Earlier this month, however, Ortzman told Rebuck that high interest rates likely caused by declining casino revenues caused the delay, according to emails obtained through an Open Public Records Act request.

It was Rebuck who last year — as CRDA approved project financing — pushed Caesars officials to publicly commit to starting contraction in January. At the time, Rebuck said his comments stemmed from a pattern of casinos making promises they have not been able to deliver.

"Lenders are requesting an unreasonable couple rate (interest rate north of 15 percent)," Ortzman wrote in an Feb. 1 email to Rebuck. "We continue to push back to lower the rate."

Atlantic City's gambling revenue fell by 13 percent in January — the latest in disappointing revenue figures that have lingered since Hurricane Sandy arrived in October prompting the longest casino closure in resort history. Most were closed for five days. Last month, gambling revenue at Caesars Entertainment Corp.'s four Atlantic City properties plunged 19 and 29 percent compared to January 2012. Harrah's, which took in $26.7 million, saw a nearly 23 percent decline, according to data released by the New Jersey Division of Gaming Enforcement.

Richard Barrington, a senior financial analyst with banking website, said a 15 percent interest rate is exceedingly high and suggests that a lender has concerns about the market or the specific property.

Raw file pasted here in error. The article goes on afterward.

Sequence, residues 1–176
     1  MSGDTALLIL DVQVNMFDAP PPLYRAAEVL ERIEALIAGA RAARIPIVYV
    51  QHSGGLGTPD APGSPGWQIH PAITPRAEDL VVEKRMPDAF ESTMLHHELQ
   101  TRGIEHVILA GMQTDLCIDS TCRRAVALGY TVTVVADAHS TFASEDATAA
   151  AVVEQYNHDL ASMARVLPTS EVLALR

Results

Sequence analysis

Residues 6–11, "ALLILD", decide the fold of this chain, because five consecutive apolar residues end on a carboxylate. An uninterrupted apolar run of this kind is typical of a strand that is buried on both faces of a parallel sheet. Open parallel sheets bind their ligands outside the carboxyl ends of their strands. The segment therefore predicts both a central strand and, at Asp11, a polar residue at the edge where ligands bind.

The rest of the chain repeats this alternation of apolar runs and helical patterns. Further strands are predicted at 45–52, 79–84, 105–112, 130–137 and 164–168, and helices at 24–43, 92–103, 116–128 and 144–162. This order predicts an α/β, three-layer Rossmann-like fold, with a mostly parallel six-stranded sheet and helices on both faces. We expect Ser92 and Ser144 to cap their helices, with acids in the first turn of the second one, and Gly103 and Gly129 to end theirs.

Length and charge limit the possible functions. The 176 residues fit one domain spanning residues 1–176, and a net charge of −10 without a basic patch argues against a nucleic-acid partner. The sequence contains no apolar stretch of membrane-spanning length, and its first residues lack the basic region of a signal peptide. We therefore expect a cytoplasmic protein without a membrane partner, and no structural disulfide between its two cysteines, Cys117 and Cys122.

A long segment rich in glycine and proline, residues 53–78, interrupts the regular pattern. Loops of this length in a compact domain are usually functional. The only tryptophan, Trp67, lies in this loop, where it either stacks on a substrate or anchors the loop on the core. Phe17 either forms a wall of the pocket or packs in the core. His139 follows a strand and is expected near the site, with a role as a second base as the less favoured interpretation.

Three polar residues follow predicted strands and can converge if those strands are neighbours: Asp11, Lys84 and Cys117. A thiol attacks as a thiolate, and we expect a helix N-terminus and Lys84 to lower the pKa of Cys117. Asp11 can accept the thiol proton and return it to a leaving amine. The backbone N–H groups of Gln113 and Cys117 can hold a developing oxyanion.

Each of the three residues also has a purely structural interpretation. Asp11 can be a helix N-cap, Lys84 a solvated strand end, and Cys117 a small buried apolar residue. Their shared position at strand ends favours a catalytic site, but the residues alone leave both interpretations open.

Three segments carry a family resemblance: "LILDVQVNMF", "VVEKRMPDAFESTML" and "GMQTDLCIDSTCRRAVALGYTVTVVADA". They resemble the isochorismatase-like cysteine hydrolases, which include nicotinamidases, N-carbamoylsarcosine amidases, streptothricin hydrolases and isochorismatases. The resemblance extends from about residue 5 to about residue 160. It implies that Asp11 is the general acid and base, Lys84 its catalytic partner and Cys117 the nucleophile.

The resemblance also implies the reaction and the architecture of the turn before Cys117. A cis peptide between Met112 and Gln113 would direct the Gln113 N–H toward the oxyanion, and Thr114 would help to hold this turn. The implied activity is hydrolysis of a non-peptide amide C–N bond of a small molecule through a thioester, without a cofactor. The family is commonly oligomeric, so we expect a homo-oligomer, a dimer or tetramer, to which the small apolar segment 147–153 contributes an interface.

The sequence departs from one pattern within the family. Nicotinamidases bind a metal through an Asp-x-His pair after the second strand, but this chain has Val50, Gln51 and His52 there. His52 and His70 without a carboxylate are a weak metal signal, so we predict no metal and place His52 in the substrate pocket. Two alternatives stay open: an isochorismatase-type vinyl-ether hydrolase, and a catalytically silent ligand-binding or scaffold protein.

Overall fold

"It may be that, as the area goes, this is not such a bad project, but there's something about this that makes the lender nervous," Barrington said. "They might be looking at the market and saying that they don't believe in expansion in this market at this time."

Other casinos have recently received loans carrying lower interest rates. When Revel sought new loans last November, the initial interest rates on a term loan of $125 million was around 10 percent, and of a $125 million revolving credit loan was 8.5 percent, according to a report from the Division of Gaming Enforcement.

Palmieri said he has no doubt that the conference center will be built. He acknowledged that the interest rate offered to Harrah's is high, but noted that company's risk is offset by the financing provided by the state.

"Their exposure is reduced significantly," he said.

When Harrah's plans for the more than 200,000-square-foot addition were announced last year, some voiced concerns that the facility might take business away from the Atlantic City Convention Center and other casinos with meeting spaces. Harrah's was required to pay for a $35,000 feasibility study by a consultant selected by CRDA prior to the authority's financing award.

That study by Chicago-based consultant Charles Johnson stated that the Harrah's project would create new demand for corporate business meetings. Aside from the Convention Center and Boardwalk Hall, the city has another 908,530 square feet of meeting and event space, but those spaces primarily serve as entertainment venues with meetings as a secondary use.

Staff Writer Hoe Nguyen contributed to this report.